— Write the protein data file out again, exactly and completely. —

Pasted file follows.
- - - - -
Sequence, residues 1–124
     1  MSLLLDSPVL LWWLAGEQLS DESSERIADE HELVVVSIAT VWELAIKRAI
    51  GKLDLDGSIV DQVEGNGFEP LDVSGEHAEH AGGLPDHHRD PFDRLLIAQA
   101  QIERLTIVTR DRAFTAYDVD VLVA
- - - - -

Sequence, residues 1–124
     1  MSLLLDSPVL LWWLAGEQLS DESSERIADE HELVVVSIAT VWELAIKRAI
    51  GKLDLDGSIV DQVEGNGFEP LDVSGEHAEH AGGLPDHHRD PFDRLLIAQA
   101  QIERLTIVTR DRAFTAYDVD VLVA